Modernism, Medicine and the Body

Panel: Meindert Peters, Lisa Banks, Julia Sutton-Mattocks, Samraghni Bonnerjee

Meindert Peters | University of Oxford

Meindert E. Peters is doing a DPhil in German Studies at New College, University of Oxford. His work focuses on the articulations of embodiment in German Modernity. Heidegger’s understanding of the body in Being and Time (1927) shapes the background to his reading of literature (esp. Rilke and Döblin) and dance (esp. Berber and Droste) of the period. Meindert is a former professional ballet dancer and occasionally writes for the Oxonian Review.

Lisa Banks | McGill 

Lisa is a PhD student at McGill University in Monteal, Quebec. Her research deals with questions of illness, aging, and dying in modernist women’s writing, while her dissertation will focus on the end-of-life creative output of H.D., Elizabeth Bishop, and Kay Smith.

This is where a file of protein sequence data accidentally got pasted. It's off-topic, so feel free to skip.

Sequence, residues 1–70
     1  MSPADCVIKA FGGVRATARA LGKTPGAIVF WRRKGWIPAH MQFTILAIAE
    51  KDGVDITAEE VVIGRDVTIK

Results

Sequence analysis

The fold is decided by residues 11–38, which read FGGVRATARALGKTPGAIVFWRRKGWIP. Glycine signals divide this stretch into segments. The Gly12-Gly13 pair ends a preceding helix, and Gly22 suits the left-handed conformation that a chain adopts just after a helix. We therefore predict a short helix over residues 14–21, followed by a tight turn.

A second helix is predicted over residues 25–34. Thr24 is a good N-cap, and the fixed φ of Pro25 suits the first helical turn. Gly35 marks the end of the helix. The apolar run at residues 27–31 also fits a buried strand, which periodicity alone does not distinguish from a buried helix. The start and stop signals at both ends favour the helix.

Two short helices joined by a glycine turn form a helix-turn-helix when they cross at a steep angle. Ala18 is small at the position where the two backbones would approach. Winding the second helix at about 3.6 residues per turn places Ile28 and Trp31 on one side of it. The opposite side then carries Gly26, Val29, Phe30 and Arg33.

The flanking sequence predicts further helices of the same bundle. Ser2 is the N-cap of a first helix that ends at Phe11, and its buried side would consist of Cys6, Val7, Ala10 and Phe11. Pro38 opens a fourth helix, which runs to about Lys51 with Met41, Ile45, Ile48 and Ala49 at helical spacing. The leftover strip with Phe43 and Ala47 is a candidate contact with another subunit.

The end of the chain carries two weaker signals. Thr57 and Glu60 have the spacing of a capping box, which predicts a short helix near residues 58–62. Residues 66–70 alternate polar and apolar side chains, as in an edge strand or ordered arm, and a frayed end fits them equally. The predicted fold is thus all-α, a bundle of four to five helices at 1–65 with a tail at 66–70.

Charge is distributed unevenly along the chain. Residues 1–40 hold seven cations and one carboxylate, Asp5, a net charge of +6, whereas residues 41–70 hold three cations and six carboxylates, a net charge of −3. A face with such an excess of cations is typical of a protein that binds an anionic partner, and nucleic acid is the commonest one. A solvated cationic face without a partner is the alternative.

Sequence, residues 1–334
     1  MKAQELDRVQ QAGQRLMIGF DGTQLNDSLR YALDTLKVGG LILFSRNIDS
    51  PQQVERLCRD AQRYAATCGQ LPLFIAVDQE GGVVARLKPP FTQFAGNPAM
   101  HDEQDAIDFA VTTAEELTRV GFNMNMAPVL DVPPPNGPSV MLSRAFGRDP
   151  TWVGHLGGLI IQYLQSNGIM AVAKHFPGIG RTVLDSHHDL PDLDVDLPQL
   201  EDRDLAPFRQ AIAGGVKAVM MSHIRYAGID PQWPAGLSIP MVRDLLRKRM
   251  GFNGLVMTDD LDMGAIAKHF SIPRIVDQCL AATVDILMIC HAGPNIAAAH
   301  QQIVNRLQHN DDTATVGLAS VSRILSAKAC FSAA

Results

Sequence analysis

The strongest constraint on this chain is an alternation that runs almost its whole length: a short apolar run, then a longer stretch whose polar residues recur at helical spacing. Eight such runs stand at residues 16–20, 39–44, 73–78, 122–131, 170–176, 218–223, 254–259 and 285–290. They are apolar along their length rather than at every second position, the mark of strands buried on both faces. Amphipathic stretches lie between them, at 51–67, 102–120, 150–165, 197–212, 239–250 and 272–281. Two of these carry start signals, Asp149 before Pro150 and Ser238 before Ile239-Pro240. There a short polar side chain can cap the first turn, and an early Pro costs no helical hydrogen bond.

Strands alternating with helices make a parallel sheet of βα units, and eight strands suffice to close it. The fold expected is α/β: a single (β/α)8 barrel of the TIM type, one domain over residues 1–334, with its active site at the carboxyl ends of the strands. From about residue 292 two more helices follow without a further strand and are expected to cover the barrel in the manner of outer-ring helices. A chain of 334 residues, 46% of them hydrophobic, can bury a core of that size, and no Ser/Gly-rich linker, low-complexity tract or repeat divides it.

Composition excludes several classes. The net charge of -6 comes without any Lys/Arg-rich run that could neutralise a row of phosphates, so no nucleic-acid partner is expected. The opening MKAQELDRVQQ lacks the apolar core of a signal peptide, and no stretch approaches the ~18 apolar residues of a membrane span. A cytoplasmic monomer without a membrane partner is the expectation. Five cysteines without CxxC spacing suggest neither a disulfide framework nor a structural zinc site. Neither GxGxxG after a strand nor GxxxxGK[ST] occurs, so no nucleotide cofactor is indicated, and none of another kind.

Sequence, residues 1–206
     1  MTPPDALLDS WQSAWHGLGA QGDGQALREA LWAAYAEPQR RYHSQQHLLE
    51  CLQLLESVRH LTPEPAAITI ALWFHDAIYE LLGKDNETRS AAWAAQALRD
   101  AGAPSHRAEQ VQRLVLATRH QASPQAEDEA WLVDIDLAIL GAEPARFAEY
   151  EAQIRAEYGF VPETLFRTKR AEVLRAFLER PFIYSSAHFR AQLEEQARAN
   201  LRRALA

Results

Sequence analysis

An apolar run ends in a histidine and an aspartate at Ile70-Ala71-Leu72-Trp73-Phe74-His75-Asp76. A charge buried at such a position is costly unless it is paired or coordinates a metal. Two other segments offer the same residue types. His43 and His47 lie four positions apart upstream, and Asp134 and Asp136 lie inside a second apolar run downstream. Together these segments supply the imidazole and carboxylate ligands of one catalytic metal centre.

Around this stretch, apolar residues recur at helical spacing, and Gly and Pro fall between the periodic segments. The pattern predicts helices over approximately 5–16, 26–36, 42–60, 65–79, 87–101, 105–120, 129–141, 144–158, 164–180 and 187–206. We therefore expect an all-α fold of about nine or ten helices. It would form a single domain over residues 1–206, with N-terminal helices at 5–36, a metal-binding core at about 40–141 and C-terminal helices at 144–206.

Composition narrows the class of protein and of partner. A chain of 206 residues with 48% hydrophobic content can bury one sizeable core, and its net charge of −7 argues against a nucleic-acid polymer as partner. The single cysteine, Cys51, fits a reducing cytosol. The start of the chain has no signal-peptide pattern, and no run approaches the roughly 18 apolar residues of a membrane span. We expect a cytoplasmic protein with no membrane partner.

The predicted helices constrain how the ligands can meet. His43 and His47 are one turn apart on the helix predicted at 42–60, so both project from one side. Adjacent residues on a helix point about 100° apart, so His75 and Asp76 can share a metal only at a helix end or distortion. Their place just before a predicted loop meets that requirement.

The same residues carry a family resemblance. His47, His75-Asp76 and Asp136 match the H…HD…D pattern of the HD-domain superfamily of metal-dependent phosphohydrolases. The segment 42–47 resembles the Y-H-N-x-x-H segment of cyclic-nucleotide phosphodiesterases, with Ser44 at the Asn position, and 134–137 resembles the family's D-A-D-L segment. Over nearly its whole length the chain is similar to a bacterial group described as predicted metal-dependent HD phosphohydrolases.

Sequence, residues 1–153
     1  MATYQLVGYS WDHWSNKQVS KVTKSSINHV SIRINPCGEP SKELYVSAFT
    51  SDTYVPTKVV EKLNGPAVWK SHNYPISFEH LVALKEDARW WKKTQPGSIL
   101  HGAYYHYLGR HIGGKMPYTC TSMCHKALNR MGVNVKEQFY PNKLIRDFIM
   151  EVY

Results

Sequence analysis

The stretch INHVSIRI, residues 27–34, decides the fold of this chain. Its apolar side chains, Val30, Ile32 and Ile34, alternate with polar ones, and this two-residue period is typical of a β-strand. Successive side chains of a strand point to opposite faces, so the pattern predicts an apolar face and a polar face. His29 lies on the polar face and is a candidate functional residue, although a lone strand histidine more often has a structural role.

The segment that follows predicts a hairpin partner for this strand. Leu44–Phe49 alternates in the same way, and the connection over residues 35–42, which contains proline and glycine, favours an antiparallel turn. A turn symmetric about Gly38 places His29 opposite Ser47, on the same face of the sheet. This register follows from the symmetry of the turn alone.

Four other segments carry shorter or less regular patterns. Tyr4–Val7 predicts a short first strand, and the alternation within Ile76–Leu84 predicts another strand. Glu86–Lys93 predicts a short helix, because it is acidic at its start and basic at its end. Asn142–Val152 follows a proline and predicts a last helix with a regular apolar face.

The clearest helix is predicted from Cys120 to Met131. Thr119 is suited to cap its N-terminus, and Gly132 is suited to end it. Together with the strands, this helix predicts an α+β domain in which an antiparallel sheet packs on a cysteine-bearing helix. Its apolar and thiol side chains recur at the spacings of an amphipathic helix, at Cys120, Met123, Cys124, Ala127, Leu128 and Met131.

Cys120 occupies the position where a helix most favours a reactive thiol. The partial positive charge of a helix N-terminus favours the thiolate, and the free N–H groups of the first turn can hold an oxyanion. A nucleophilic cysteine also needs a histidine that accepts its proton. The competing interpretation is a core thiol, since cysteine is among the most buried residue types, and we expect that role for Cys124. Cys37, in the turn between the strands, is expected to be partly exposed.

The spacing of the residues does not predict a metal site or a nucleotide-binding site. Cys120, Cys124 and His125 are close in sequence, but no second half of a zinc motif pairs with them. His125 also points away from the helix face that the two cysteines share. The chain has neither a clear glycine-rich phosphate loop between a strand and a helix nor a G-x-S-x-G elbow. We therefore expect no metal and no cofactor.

Julia Sutton-Mattocks | University of Bristol

Julia is a SWW DTP-funded PhD student at the Universities of Bristol and Exeter, where she is researching the impact of medical advance on Czech- and Russian-language literature and cinema of the 1920s and early 1930s. Her research explores the role medicine played within the widespread project of regeneration that followed the First World War and Russian Revolution, and its interaction with the perceived degeneration of the fin de siècle. She is particularly interested in narratives that investigate aspects of public health.

Samraghni Bonnerjee | University of Sheffield

Samraghni is a Vice-Chancellor’s Scholar at the University of Sheffield, reading for a PhD in English Literature. For her thesis, she is working on a comparative study of British and German nurses of the First World War. She read English and German at Calcutta, and was twice the Goethe Stipendiatin to Berlin and Hamburg. She is a member of International Society for First World War Studies (ISFWWS), International Network for the History of Hospitals (INHH), UK Association for the History of Nursing (UKAHN) and Centre for Archival Practices, University of Sheffield.

 Featured NTU Researcher: Daniel Bilton